The ceremony was an official "passing of the sword" from one senior noncommissioned officer to the next and assumption of the duties and responsibilities that go along with the position of Garrison Command Sergeant Major.
As with many military ceremonies those in attendance welcomed Erickson as a new member of the team and bid farewell, recognized and thanked Worden for his service.
Posted: 2017-02-22 09:59 AM CAMP RIPLEY, Minn. - Norwegian youths Stian Dahl and Haavard Engen received the Camp Ripley Garrison Commander's coin from Col. Scott St Sauver February 19, 2017, in recognition for reacting to a vehicle accident they witnessed earlier that week.
As part of the U.S.-Norway Reciprocal Troop Exchange, Norwegian youths ages 19-20 are matched up with a host family in order to spend an evening experiencing American culture. In most situations the "Buddy Weekend" as it's called allows the youths to go shopping, attend events and have home-cook meals along with their host family.
"We are able to match up youth members with families all over the state," said Staff Sgt. Tim Krouth, Buddy Weekend organizer. "Lots of the families have hosted one or two of our Norwegian friends for several years in a row now, it a great way to relax and see some of Minnesota."
Posted: 2017-02-21 01:25 PM HALTDALEN, Norway - After two days at a base camp near Haltdalen, Norway, Minnesota National Guardsmen participating in the 44th Norwegian Reciprocal Troop Exchange were ready for the most challenging aspect of their four-day field training exercise - a ski march up the mountain.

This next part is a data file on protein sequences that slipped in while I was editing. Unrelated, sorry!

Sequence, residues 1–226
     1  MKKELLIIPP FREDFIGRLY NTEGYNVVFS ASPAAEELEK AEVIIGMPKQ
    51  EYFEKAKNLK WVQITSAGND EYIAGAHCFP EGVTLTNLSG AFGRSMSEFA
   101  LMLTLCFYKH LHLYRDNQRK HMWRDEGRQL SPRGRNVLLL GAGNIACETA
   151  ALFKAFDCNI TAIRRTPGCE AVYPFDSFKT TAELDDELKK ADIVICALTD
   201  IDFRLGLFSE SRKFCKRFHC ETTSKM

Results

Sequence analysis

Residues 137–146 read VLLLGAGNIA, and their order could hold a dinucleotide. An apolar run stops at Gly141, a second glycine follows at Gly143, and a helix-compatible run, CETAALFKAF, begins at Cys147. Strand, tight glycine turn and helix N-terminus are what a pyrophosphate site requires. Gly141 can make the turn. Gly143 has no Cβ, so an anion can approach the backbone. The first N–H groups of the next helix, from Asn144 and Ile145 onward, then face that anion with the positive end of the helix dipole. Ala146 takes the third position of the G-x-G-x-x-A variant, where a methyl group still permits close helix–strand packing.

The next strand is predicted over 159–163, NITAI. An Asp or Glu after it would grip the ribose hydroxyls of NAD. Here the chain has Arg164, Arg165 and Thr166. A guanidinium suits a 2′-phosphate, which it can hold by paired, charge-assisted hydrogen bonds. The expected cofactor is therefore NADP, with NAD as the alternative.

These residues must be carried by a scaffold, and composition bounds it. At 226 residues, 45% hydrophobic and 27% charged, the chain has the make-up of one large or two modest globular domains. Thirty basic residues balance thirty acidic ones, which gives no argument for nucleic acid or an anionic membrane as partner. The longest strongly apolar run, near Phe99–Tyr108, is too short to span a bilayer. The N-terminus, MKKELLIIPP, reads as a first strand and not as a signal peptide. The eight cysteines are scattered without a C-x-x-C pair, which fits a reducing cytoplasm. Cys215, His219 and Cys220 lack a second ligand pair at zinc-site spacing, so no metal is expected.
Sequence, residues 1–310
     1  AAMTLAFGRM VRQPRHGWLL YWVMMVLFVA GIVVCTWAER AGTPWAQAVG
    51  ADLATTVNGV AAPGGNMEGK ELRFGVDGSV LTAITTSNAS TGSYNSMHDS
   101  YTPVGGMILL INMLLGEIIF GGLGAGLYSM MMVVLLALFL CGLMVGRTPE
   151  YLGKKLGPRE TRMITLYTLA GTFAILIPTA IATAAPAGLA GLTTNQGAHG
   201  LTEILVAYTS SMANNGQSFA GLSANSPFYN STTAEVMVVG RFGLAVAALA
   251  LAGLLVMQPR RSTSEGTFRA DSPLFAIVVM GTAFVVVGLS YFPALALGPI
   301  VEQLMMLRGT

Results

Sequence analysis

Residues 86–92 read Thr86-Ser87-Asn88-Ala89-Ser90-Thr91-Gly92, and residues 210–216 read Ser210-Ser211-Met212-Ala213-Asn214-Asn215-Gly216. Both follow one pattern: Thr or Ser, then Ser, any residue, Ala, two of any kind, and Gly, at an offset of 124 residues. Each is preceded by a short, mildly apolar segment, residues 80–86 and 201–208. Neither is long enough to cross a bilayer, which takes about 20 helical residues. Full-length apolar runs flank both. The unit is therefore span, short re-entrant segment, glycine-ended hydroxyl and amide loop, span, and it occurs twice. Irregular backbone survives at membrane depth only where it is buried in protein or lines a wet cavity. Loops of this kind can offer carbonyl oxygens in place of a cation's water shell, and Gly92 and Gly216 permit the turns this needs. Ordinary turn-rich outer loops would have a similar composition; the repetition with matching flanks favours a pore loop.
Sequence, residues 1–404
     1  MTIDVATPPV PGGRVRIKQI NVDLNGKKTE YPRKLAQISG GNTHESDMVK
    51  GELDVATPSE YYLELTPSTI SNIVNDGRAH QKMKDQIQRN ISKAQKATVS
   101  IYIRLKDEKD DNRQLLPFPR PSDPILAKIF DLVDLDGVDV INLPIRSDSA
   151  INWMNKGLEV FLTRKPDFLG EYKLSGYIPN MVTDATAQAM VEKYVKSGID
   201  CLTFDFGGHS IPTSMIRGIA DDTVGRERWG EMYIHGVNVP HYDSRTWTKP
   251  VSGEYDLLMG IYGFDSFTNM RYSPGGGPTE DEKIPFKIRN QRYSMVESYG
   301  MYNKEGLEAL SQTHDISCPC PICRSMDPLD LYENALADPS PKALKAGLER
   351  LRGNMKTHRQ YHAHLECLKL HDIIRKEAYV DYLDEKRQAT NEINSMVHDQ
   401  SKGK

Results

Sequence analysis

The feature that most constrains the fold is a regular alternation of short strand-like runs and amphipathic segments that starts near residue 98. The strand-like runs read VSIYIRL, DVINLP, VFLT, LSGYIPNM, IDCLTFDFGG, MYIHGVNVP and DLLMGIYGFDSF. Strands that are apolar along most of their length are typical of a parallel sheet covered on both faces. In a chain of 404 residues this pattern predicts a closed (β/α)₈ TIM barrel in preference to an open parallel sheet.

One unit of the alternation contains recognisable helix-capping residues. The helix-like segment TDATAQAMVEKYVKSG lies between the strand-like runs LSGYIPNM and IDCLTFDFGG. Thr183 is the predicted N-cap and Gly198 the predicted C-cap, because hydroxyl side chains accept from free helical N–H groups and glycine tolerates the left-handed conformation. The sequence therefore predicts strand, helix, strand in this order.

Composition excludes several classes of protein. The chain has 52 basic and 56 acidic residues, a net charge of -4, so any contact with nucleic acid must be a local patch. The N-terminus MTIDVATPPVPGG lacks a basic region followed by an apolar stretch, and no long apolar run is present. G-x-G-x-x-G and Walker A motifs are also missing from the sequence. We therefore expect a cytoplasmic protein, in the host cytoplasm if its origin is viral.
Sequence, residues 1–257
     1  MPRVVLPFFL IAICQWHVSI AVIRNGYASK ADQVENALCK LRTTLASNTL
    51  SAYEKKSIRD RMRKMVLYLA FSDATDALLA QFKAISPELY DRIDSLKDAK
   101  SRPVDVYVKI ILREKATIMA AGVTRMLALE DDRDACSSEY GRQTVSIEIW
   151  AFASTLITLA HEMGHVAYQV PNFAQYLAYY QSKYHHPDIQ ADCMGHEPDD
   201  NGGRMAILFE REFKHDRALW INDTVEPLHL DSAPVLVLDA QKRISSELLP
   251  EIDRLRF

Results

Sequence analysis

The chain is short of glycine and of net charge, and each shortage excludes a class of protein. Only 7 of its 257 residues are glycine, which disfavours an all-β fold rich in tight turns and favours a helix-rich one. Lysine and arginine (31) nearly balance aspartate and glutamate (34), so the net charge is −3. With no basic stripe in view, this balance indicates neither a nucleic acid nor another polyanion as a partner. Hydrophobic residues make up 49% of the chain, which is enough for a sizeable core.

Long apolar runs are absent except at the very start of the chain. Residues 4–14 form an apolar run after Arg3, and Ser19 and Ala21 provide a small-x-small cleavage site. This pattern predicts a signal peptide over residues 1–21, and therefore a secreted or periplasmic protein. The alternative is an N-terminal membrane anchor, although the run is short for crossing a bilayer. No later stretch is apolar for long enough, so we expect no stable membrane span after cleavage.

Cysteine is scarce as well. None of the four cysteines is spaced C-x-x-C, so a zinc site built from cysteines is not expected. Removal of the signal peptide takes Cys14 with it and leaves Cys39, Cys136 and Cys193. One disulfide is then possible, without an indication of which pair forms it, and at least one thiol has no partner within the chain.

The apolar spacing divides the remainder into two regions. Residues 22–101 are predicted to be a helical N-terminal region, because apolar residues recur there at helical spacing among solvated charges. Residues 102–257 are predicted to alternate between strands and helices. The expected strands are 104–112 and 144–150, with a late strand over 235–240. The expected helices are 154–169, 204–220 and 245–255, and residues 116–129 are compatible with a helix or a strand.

It was Day three of the FTX, meaning members of the 44th Norwegian Reciprocal Troop Exchange had slowly adjusted to surviving and thriving while living in a winter environment and also honed their skills on cross country skills well enough to begin a climb that would take nearly three hours.
"Our goal was to get you to know how to use the winter, see how the Norwegians use the winter, and how we survive the winter so we can conduct combat," said Vidar Aune, one of several members of Home Guard 12 guiding the Minnesota National Guard Soldiers and Airmen during their training here. "By getting the experience living outside in the snow, you manage to survive it and handle it quite well."